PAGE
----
Family's private anguish touches heart of public
Seattle Times staff reporter
Betsy Meyer sits at her usual spot at the dining-room table in West Seattle and thinks about the past week.
"Crazy," she says in wonder. "I guess I don't pinch myself anymore ... but unbelievable."
Two years of a private family matter had suddenly been transformed into a public story. The family has since been overwhelmed with messages and offers of help, from friends and strangers alike — and is headed for national TV.
Last Sunday, Betsy and her family were introduced to the public in The Seattle Times. The 48-year-old wife and mother of two children is in the first years of living with incurable, progressive, early-onset dementia. She has been forced to quit her job as a bookkeeper and volunteered to stop driving. Her housekeeping abilities are slowly eroding and during "fuzzy" episodes, she struggles to remember names or simple words.
Betsy and her husband, Jeff, spent two years adjusting to her diagnosis and only recently began telling outsiders — an Alzheimer's support group, members of their family, fellow church members, friends. Like most in their situation, they were concerned about the stigma of dementia.
But now their private struggle is public and about to become more so. Monday, ABC television called from New York, requesting an interview with the Meyer family.
"It's 'Good Morning America,' " Betsy yelled outside to Jeff, who was up on scaffolding painting their modest bungalow.
They expect to be on air Wednesday morning. (KOMO-TV/ABC, 7-9 a.m. PDT.)
They will face the television cameras shored by the support they've already received from neighbors and strangers alike.
In the days after their story appeared in The Times, the Meyers received dozens of e-mail messages and calls offering encouragement, prayers and suggestions for treatments ranging from special medication to playing dominoes.
Many who contacted the Meyers shared their own stories about coping — as patient or caregiver — with Alzheimer's and other forms of dementia. Four million Americans, 100,000 in Washington, have Alzheimer's, the best-known form of dementia. An increasing number are being diagnosed early, in their 40s and 50s.
Monday, The Times published the stories of John Halvorson, 55, and Debra Muren, 51, who also have forms of early-onset dementia but are further along in the disease's relentless progression.
In response to her story, Betsy Meyer received a note from a former colleague at the law firm where she once worked. "It was an amazing act of generosity on your part to share what you've gone through so far," the colleague wrote. "I wish your family strength and love and wisdom."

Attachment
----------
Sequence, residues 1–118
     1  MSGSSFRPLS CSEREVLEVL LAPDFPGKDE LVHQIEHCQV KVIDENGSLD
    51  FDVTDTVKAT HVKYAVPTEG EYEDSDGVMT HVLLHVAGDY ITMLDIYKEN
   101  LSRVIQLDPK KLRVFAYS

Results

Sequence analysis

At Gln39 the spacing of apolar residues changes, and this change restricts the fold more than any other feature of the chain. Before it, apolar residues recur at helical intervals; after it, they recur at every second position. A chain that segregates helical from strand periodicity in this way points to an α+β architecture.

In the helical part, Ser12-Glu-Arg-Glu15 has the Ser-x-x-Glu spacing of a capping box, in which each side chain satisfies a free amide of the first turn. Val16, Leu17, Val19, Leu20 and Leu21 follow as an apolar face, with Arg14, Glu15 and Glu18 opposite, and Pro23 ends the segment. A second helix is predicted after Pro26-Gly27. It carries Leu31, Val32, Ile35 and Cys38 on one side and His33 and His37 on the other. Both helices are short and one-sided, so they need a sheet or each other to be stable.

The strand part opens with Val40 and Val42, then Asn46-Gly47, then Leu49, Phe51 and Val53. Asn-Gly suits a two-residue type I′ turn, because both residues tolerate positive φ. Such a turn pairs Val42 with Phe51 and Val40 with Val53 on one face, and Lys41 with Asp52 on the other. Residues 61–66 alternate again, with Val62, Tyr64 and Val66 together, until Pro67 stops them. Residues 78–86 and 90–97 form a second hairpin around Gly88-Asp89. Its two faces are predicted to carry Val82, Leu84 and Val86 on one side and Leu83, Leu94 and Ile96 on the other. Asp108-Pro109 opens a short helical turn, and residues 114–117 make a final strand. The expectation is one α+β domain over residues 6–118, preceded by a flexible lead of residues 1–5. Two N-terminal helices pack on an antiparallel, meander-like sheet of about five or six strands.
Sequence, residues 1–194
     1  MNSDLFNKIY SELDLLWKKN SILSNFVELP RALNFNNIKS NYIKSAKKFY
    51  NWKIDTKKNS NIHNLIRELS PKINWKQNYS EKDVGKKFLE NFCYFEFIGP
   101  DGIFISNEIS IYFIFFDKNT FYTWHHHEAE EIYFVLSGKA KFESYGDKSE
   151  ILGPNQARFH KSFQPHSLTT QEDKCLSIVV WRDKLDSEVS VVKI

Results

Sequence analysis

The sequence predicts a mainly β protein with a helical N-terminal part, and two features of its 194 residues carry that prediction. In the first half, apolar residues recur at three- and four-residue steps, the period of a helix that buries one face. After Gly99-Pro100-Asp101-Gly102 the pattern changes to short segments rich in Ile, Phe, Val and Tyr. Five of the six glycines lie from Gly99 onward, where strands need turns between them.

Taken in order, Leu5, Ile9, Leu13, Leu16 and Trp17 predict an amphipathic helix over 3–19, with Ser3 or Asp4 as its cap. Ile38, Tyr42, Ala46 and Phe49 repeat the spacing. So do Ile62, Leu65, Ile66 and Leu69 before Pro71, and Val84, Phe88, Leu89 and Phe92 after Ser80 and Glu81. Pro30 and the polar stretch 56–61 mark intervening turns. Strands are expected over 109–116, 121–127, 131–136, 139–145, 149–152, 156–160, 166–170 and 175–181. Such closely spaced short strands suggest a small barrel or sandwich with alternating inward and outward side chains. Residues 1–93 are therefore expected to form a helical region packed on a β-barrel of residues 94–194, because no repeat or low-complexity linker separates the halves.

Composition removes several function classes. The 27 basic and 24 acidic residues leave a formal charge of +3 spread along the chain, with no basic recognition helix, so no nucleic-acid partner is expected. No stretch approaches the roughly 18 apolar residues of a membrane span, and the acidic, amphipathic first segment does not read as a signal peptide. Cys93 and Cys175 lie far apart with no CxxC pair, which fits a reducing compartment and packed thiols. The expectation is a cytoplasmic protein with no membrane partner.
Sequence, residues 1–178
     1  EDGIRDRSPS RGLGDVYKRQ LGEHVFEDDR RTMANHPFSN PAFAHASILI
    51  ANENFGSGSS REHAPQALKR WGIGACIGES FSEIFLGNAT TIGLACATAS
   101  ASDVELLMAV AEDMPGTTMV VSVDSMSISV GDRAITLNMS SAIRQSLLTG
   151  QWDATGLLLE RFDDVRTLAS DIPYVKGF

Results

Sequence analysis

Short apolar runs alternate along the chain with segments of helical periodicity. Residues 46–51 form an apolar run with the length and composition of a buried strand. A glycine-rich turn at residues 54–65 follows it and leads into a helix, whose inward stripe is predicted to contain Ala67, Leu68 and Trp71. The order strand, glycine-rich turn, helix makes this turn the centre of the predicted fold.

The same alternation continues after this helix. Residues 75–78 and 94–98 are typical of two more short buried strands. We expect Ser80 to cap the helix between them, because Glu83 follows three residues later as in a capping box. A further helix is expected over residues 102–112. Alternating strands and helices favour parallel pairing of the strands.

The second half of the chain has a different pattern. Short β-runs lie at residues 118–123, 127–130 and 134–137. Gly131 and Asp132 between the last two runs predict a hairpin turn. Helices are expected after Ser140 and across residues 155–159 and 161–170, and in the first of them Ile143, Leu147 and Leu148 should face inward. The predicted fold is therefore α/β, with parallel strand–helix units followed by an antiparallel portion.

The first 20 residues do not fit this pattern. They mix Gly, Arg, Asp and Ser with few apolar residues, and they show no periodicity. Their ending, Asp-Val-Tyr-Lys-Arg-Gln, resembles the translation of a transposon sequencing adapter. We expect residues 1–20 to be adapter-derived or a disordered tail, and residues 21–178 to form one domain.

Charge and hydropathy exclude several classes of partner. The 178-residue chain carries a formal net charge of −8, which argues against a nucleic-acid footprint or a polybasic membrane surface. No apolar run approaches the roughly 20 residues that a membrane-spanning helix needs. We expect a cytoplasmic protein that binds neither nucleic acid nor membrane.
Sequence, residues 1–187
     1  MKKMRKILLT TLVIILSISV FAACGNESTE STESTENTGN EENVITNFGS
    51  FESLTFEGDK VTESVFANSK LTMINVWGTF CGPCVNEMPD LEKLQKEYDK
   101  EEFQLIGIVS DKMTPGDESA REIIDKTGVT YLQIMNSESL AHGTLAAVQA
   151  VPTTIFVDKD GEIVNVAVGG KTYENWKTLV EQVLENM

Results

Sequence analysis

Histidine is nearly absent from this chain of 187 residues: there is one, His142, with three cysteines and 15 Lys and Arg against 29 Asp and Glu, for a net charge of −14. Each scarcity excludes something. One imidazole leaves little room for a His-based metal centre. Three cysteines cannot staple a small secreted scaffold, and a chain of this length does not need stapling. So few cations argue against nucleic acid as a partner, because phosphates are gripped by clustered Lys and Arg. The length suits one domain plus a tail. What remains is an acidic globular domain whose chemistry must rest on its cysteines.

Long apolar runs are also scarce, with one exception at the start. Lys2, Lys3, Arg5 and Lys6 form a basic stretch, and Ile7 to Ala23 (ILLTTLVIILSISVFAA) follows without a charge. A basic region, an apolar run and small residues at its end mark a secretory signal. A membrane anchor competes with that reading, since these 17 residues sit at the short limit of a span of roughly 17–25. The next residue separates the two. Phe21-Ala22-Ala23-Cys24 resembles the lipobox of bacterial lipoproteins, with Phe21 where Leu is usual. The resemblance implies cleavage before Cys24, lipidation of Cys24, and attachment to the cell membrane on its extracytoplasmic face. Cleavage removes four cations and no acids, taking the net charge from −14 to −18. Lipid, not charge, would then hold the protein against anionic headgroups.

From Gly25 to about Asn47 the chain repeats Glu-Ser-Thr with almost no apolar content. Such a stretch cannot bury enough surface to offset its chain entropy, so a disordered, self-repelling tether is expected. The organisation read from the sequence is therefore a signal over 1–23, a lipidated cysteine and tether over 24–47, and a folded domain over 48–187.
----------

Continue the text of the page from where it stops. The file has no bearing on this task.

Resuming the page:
A stranger wrote: "It helps me in my struggle to understand what is happening to my mom."
And a neighbor offered whatever help the Meyers need.
The decision to brave national TV was a considered one for the Meyers. They held a family meeting to weigh the merits and risks: Would they be treated with dignity? Would Emily, 11, who doesn't like airplanes, agree to fly? Could Alex, 15, miss a few driver's training classes?
At the same time, they could become ambassadors for a cause that has become vital to them.
And they could see New York — a first for Betsy and the kids, and something they wouldn't be able to afford on their own. Betsy wants to see the Statue of Liberty and, maybe, Ground Zero, the memorial site of the former World Trade Center towers.
The Alzheimer's Association supported a TV appearance as a chance to spread knowledge about dementia but cautioned the Meyers that airports and hotels can be confusing for people with memory loss; they suggested Betsy wear identification.
The decision to tell their story makes the Meyers part of a growing movement of people with dementia and their families who are no longer willing to hide their affliction. Dementia patients have testified before the U.S. Senate to lobby for research funding, have appeared on national TV and written first-person accounts of feeling their minds slip away.
"People are realizing they can talk about this, and there's not the kind of stigma attached to it that there used to be, although there are still many people in denial for themselves and their families," says Helen Payton, development director with the local Alzheimer's Association.
Editors at ABC-TV say the Meyers' story is a "classic" for the morning program.
At the network's request, Jeff will take home videos to New York, some from the family archives and some he shot last week especially for the show: Betsy playing solitaire and cooking dinner while Emily sets the table; Betsy putting a jigsaw puzzle together, an activity designed to keep her mind sharper; Alex unloading the dishwasher.
"Which he doesn't do very often, even when he's asked," Betsy says, laughing. "He'll probably use that tape to prove, 'See? I do it.' "
Any qualms the Meyers have are countered by the hope they can expand understanding about dementia. "I don't want to be up there selling soap or anything," Betsy says. "I just want to do what needs to be done."
And if she stumbles on national TV and forgets a word or can't complete a sentence?
"That's life," she says. "They've gotta take me as I am."
Marsha King: 206-464-2232, or email@example.com.